One feature I really like about this printer is its ability to support a wide range of materials.
This is a credit to the high temperatures that the print head and base can tolerate and the manufacturer’s willingness to support all these materials.
This leaves you with a long list of options as far as the print material is concerned and gives you the freedom to get creative and experimental with your models.
You can control the machine directly from your PC by using the LCD display.
The TAZ 5 also supports USB and SD Card and is wiFi-enabled. It comes with a modified version of Cura, which keeps you from spending an extra dime when it comes to the software application.
This can be manually installed on Mac, Windows, and Linux devices; basically every other system there is out there.
The customized Lulzbot Cora is incredibly easy to use and will recommend to you the most ideal filament and temperatures to operate in for a given model.
You don’t need to keep on referring to guides for instruction when working with this printer.
Looking at the features on the Replicator 5th generation, it sure does feel like a mid-range model, but buying the device will make you think you are investing in a high-end model.
At around $2000, the price is not something that many personal users will be able to comfortably raise.
The only consolation you have is that the PLA filament it uses is the cheapest you can find in the market.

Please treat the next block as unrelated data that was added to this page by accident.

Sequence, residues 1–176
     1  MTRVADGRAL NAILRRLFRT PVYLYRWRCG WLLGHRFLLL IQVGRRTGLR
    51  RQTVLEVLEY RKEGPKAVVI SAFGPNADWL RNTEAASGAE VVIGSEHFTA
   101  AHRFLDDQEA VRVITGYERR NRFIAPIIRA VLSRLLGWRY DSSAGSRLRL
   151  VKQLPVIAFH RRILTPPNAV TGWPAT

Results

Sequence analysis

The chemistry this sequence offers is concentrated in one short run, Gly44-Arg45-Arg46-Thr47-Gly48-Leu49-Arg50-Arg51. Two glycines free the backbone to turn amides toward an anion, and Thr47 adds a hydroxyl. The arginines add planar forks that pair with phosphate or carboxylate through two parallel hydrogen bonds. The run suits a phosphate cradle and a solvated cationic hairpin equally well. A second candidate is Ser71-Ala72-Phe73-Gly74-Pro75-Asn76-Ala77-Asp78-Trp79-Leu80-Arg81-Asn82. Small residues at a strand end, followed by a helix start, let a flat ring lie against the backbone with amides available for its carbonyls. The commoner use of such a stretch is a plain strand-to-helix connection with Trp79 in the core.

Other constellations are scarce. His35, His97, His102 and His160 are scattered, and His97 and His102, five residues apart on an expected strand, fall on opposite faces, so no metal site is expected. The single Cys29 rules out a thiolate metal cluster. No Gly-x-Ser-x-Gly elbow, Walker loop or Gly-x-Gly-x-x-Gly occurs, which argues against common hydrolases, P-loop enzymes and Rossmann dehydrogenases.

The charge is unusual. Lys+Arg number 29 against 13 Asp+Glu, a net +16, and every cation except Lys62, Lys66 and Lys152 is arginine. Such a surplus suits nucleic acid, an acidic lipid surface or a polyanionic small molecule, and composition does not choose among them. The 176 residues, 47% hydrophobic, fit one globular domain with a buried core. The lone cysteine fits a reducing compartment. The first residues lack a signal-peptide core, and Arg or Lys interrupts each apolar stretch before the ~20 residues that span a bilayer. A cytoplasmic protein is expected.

And even though you may be able to use third-party filaments, you’ll need to download a specially created print mode for this to happen.
I don’t see how Makerbot can justify the steep price of the Replicator 5th generation.
It may pack some more than decent features but the cost is a little bit exaggerated when you consider the overall quality.
Most people would search for a cheaper option without a second thought.
Makerbot’s online site provides clients with support like tutorials for all its printer models but not for the Replicator 5th generation.
You’re hence left with the option to make a phone call during stipulated hours, and the email support that is provided is no longer as effective.
The warranty information is not also reliable. According to the company manual, the warranty on the printer is limited, but there is no specific reference to this printer in the terms.
Generally, the customer support you get after acquiring the printer is definitely wanting, especially when you consider the premium price tag it comes with.
This is an area where the company might want to address if they are to convince clients to buy more of these.
The Replicator 5th generation is a respectable piece of machinery! It produces a decent quality of prints and the software it employs is relatively user-friendly.
It would be a viable choice for colleges and schools where students can get to learn about 3D printing.
However, there are a number of limitations that won’t favor enthusiasts who want to experiment with more exotic printing materials, one of which being it doesn’t support third-party filaments.
Besides, the pricing is pretty steep and may prove to be an instant deal-breaker for some people.
If you asked about my final verdict, the Makerbot Replicator 5th generation does not live up to its price tag, there are better options you could look at that will cost you less than $1000.